Cathy M. Rubin: The Real Alice In Wonderland - Author interview

Author Cathy M. Rubin was kind enough to take the time to answer a few questions about her (co-authored with Gabriella Rose Rubin) gorgeous, lavishly illustrated tribute to Alice Liddell, The Real Alice in Wonderland: A Role Model for the Ages.

Creating much more than a coffee table book, the authors explore the real life and Victorian world in which their relative Alice Liddell lived her extraordinary life.

Thanks to Cathy M. Rubin for her time and for her comprehensive responses about both the book and the fascinating life of Alice Liddell.

What do American Independence Day and Alice In Wonderland have in common?

Cathy M. Rubin: American Independence Day and Alice in Wonderland share the same birthday i.e. July 4. Friday July 4, 1862 is credited with the first time Lewis Carroll told Alice Liddell and her sisters the story of Alice’s Adventures in Wonderland. It was shortly after the first telling of Carroll’s story that Alice began to urge the author to write it down for her.

What was the background to writing this book The Real Alice in Wonderland: A Role Model for the Ages?

Cathy M. Rubin: In 2007, my daughter’s school selected Alice’s Adventures in Wonderland for Book Day. My daughter Gabriella remembered we had a connection to the Liddell family. Alice Liddell inspired Charles Dodgson (aka Lewis Carroll) to write the original story. At this point I knew very little about Alice Liddell’s story other than what my grandmother and my great aunt Phil Liddell had told me about her when I was a child. Gabriella bugged me to help her research the story. You could say we jumped down the rabbit hole together.

It took us several months to research the content for our Book Day workshop which we called The Real Alice In Wonderland. After we presented the workshop to Gabriella’s school and other groups we were encouraged by educators, friends and family to turn our story into a film or book. The book as you can see came first!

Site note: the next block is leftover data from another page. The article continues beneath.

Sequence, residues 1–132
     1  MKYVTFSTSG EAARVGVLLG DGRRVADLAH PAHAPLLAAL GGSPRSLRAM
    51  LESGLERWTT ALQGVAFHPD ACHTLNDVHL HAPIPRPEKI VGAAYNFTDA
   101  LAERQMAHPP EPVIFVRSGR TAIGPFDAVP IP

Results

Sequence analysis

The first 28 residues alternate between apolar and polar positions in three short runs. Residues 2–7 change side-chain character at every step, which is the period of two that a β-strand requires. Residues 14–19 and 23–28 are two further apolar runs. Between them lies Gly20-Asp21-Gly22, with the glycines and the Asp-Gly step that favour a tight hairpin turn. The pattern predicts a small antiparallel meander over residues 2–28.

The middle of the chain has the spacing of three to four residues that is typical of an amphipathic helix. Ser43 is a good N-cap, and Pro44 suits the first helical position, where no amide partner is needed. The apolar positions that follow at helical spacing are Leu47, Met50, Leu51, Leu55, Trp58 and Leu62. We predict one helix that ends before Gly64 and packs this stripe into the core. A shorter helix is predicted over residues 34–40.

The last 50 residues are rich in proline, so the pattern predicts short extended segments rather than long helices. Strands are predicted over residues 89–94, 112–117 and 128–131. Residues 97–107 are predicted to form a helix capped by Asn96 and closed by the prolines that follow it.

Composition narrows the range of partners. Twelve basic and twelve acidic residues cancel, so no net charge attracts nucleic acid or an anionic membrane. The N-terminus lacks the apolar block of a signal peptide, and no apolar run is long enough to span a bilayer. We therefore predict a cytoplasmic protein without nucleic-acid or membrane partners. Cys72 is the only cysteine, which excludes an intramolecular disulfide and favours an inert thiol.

Many people are unaware that Lewis Carroll wrote about a real Alice. What can you tell us about Alice Liddell as a real person?

Cathy M. Rubin: Alice Liddell was born into a privileged, academic family on May 4, 1852. She was the fourth child of Henry and Lorina Liddell. Her father, one of the most prominent educators of his day, was the Dean of Christ Church College, Oxford University. Alice was home schooled by some of Oxford University’s finest tutors. She was a bright child with significant artistic talents. Alice was also known to be free-spirited (largely due to her never-ending curiousity about everything).

She grew up to become a beautiful and cultured young woman. Her beauty inspired many distinguished photographers and artists such as Charles Dodgson, Julia Margaret Cameron and Sir William Blake Richmond. She also inspired the devotion of many suitors including Prince Leopold, Queen Victoria’s youngest son. In 1880, she married a wealthy landowner, Reginald Hargreaves, with whom she had three sons.

It seems like Alice was even more intriguing in life, than she was in the famous novels, if that is possible. What is the legacy of the real Alice beyond what Lewis Carroll wrote?

Cathy M. Rubin: We know from the fan mail our book has been receiving that people believe Alice Liddell’s real life was even more fascinating than the fictional character she inspired. It is a rich story of a very creative, curious and magnetic young girl who grew up to become a cultural icon and one of the most celebrated women of the last 100 years. It is a story of love, tragedy, duty, courage and loyalty to family and country. Her story has particularly touched people because throughout it all, Alice (a woman living in very conservative age of Victorian England) showed tremendous courage and determination to overcome the many obstacles she faced – not unlike the fictional Alice in Alice’s Adventures in Wonderland – in real life.